Saturday, June 16, 2007

Why MMP is Wrong for Ontario pt. 5

There is a claim by fair vote that all voters are equal under the new system. This is blatantly false to anyone who believes in the idea of 'wasted votes'. Under the new system everyone votes twice: once for the party and once for the local candidate. The vote for the candidate may or may not be a wasted vote. This depends on the definition of a wasted vote. Under fair vote's definition the same percentage of local votes will be wasted under the old system as under the new system. The party votes are more complicated. As I said earlier the parties are rewarded with list seats only after their local seats have been taken out. This means that parties that do well in local races will get few if no seats. Let's take the following scenario:

Party A: 40% province wide; 65 local seats
Party B: 30% Province wide; 15 local seats
Party C: 20% Province wide; 10 local seats
Party D: 10% province wide; 0 local seats

The list distribution would breakdown as follows:

Party A 0 seats
Party B ca 19 seats
Party C ca 9 seats
Party D ca 11 seats

With the overhang I'm not exactly sure how the allocation for the three losing parties would go but the estimate is close. Party A would certainly receive no seats. 40% of the list votes would be wasted. So dramatically wasted that while 60% of the people got to vote twice; 40% voted only once. In other words every vote is not equal. Now, people have said that if you voted for party A on the list you should be happy because your party won. I would be just as happy if the election were done by lottery and my party won. It would have about as much to do with my vote. I don't necessarily buy into the wasted vote argument. I understand the idea of every vote for a losing candidate making it necessary for the winner to have more votes. I understand the idea of the list percentage determining the number of seats a party is 'supposed' to win. However, the argument for change revolves around the idea of wasted votes. If that is your reason for voting for MMP, you should be worried about the problems noted above.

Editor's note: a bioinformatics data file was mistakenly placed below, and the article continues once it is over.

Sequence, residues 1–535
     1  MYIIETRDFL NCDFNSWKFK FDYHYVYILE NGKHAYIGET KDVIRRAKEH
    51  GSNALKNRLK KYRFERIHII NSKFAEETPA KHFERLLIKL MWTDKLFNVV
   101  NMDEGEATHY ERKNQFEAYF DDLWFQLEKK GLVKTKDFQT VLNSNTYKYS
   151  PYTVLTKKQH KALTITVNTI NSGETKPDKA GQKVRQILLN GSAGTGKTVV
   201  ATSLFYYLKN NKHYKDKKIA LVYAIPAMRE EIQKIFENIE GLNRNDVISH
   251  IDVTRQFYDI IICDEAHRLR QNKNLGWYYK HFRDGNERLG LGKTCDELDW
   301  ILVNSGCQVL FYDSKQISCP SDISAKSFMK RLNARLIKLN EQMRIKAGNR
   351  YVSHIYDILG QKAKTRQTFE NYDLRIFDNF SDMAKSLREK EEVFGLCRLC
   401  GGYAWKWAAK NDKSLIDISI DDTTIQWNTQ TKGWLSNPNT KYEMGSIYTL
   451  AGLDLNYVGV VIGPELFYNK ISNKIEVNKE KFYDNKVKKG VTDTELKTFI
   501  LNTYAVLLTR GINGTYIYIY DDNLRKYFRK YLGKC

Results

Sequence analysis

3 comments:

hswerdfe said...

Either you don't understand how the process works, or you are deliberately focusing misleading numbers that "prove" your point.
In any voting System you are transferring the power you have to somebody else, usually a person or party. under FPTP (current system) it is designed to transfer power to a person, but the realities of modern politics show the the person (local rep) you are passing your power to is almost exclusively under the control of a party. So you are effectively in the vast majority of situations transferring power to the party. However, the vote to party transfer is done very poorly under FPTP and we get situations where party representation (effective power) is not reflective of votes cast.
MMP is a Proportionality first system, the most important vote is the party vote, it ensures that the representation of each party is reflective of the votes cast for that party. put another way that the views of parliament are reflective of the people that voted for them.
The second vote, or local Rep Vote. takes care of who your think is your best local rep, it does not look overall makeup of the parliament.
So if we look at it that way everybody gets exactly one vote to decide what the power distribution in parliament will be. and exactly one vote to decide who will speak for you on local issues.

Note : MMP is not my favorite system of government, and there are problems with it, but I firmly believe that it is worlds better then the current FPTP system.
I will be voting "Yes" to MMP over FPTP.

Freddie Sirmans said...

Just browsing the internet, you have a beautiful and very interesting blog.

Matt said...

I agree with the first comment. Your argument that people who vote for the winning party somehow have a wasted vote is one of the most sophomoric arguments I've read on this subject. A wasted vote is a vote for the Harper Tories in 416 Toronto, they'll never elect anybody and are never represented. The same goes for Liberal votes in most of Alberta. The same goes for NDP votes in most places, and Green votes everywhere. Under MMP, if you vote for the winning party, your vote is not wasted, it is well-represented both in the riding results, as well as the allocation under lists.

All views expressed in this blog are those of the author and the author alone. They do not represent the views of any organization, regardless of the author's involvement in any organizations.

All comments are the views of the individual writer. The administrator reserves the right to remove commentary which is offensive.

The author is not responsible for nor does he support any of the advertisements displayed on the page